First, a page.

The sands of time

I know everyone laughs about jargon – business bingo, anyone? – but I think we’re all guilty of it to some extent.  I know I expect everyone to understand me when I talk about AML, MLROs and the regulated sector, and the other day my cycling-mad husband accused me of “half-wheeling” him – walking just in front of him, thus forcing him to accelerate.  But I came across something yesterday that I just could not decipher: the regulatory sandbox.

I was doing research on technological advances in AML (part of FinTech – more jargon) and came across the sandbox reference a couple of times.  Is it where new regulations are embedded to keep them upright and isolated prior to being set on fire, like we used to do in chemistry lessons?  Things became a bit clearer when I realised that “sandbox” is the American term for what we English kids would have called the sandpit – the place to play, build castles and dig up unmentionable items.  Perhaps “pit” has negative connotations, because even the very British, London-based, pinstripe-suited FCA is now referring to the sandbox.  In their recently-published “FCA Business Plan 2018/19”, they trumpet the regulatory sandbox which they created in 2016: “Our regulatory sandbox gives businesses of every size the opportunity to test the commercial and regulatory viability of their innovative concepts before they invest more heavily in them, while providing safeguards for consumers.  The sandbox also gives us an understanding of the opportunities and risks of harm that innovation can create.”

But it seems that a simple sandbox in Canary Wharf is not enough: we need to go global.  The FCA tells us that “[in February 2018] we invited stakeholders to share their views on what a global sandbox could look like”.  This is entirely in keeping with the EU view; in the “FinTech Action Plan” issued by the European Commission in March 2018, it says: “The Commission invites competent authorities at Member State and EU level to take initiatives to facilitate innovation on the basis of these best practices and invites the ESAs to facilitate supervisory cooperation, including coordination and dissemination of information regarding the innovative technologies, establishment and operation of innovation hubs and regulatory sandboxes, and consistency of supervisory practices.“  And there, that’s how you deal with jargon: you strangle it with even more jargon until no-one knows what anyone else is saying.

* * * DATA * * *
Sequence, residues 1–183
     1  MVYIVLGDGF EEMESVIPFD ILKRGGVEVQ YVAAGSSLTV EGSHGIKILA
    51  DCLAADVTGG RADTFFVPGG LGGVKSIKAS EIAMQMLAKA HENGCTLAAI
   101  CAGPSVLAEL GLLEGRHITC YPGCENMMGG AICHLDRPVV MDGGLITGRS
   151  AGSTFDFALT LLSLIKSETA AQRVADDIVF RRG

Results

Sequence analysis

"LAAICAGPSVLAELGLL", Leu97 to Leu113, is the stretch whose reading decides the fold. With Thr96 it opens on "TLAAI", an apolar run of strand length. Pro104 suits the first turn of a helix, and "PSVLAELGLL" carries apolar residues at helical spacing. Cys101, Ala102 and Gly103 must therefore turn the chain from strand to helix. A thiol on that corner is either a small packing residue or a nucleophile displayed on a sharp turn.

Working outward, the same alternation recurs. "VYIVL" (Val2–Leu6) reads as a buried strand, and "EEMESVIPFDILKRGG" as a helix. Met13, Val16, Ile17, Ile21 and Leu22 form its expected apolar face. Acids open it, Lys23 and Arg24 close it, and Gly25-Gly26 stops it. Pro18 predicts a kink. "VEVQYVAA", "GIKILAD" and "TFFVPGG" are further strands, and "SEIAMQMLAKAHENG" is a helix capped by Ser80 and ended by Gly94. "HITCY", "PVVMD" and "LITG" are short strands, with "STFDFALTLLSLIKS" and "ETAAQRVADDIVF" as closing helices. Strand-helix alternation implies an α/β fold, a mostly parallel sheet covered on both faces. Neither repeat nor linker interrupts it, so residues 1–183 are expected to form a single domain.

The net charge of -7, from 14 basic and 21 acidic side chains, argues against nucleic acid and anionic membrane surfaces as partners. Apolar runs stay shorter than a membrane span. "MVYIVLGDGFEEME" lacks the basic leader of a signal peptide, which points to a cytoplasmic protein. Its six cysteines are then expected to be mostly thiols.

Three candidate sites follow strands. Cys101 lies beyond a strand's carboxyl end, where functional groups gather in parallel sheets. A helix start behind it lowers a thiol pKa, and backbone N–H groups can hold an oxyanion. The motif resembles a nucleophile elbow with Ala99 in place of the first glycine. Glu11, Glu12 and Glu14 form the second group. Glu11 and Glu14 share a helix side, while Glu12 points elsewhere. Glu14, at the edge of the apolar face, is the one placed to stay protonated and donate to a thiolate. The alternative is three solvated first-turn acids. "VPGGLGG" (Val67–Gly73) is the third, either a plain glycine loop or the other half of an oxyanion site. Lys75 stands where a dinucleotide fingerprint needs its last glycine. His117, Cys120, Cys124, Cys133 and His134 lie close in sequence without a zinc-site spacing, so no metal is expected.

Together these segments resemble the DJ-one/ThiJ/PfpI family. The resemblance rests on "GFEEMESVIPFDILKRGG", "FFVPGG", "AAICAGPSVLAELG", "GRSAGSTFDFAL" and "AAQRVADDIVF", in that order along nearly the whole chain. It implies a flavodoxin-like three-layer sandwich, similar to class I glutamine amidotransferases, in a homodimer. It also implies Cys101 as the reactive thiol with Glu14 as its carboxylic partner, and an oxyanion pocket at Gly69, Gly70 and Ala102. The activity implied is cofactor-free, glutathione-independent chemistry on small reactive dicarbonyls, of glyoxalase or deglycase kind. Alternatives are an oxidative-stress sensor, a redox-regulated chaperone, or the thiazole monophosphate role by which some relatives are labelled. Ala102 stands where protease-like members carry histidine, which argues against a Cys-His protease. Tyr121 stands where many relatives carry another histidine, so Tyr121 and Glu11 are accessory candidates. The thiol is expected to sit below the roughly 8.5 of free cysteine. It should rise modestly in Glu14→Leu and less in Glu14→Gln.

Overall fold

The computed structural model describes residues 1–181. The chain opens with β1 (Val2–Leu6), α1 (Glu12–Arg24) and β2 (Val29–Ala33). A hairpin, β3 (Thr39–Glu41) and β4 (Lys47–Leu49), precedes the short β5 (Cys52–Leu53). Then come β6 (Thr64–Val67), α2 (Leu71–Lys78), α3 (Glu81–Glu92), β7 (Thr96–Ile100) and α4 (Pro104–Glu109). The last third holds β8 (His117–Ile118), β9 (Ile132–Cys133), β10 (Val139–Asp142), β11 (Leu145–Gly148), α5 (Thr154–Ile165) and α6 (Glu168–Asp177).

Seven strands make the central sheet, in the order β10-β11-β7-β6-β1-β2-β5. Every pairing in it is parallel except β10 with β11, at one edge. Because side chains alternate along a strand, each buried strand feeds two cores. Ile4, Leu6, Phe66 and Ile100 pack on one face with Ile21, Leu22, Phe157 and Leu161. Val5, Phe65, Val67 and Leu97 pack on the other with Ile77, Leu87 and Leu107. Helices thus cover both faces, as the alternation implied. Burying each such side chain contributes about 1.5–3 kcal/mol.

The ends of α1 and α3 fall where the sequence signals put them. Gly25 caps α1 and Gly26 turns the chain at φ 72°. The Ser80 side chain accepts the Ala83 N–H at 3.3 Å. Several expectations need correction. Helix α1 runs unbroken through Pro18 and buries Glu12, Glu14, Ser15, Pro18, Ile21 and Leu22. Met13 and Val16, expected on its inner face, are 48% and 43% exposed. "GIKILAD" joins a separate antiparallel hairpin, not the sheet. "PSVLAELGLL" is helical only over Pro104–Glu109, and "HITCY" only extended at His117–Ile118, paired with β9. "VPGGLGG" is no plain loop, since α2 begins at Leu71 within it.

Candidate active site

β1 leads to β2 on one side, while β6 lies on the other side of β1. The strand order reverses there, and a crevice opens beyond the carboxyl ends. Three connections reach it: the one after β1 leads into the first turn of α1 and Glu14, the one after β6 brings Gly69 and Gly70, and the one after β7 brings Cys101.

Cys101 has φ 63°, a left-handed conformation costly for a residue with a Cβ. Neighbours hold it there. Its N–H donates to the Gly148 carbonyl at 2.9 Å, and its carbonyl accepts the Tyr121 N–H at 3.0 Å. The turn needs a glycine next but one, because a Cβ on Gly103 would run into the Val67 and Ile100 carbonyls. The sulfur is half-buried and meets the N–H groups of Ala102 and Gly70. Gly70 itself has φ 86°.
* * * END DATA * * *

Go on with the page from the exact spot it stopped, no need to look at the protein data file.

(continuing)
This entry was posted in AML, Legislation, Money laundering and tagged , , , , , , , , , . Bookmark the permalink.

8 Responses to The sands of time

  1. Tanguy, Nicolla says:

    Came across this term for the first time in Guernsey recently too – but being Guernsey we had to change the name to “soundbox”. Same meaning though, as a place for innovative ideas to be discussed. Not sure that its anything more than a bunch of staff at the GFSC sitting around a table though at the moment!

    Nikki

    Nicolla J Tanguy
    Managing Director – Bank J. Safra Sarasin Ltd, Guernsey Branch
    Telephone +44 (0)1481 761122, internal: #44 1122

    • Soundbox – maybe that’s better… Although it does make me think a bit of those ghetto-blasters from the 1990s! I think the idea is meant to be like those “soft openings” (which also sounds a bit suspect) at restaurants, where you open but only for friends and family, to test the kitchen and the staff before the paying public shows up. So you have a financially innovative idea and you dry run it against the regulations before any money is put at stake. Or maybe not. I’ve never been to a sandbox or a soundbox or indeed a soft opening, so what do I know!

  2. Gareth Marklew says:

    I have a feeling it comes from a military context, the sandbox in question being one of those big trays of sand which can be shaped into different size models of hills and other terrain, and have big arrows drawn over them and then rubbed out to show possible troop movements and the like. The idea is it’s a safe environment to test possible plans before moving to the real world.

    Still not sure what a “regulatory sandbox” would look like ‘though!

  3. Mik Underdown says:

    I seem to remember that sandboxes are fraught with danger, especially if there are cats about (what my wife used to refer to a “landmines”). This is why modern sandboxes have lids, to protect them when not in use. Be careful, you never know what you’ll dig up……

  4. CDWOS says:

    Shouldn’t the sandbox be full of interesting toys for us to play with!!??

Leave a Reply

Fill in your details below or click an icon to log in:

WordPress.com Logo

You are commenting using your WordPress.com account. Log Out /  Change )

Google+ photo

You are commenting using your Google+ account. Log Out /  Change )

Twitter picture

You are commenting using your Twitter account. Log Out /  Change )

Facebook photo

You are commenting using your Facebook account. Log Out /  Change )

w

Connecting to %s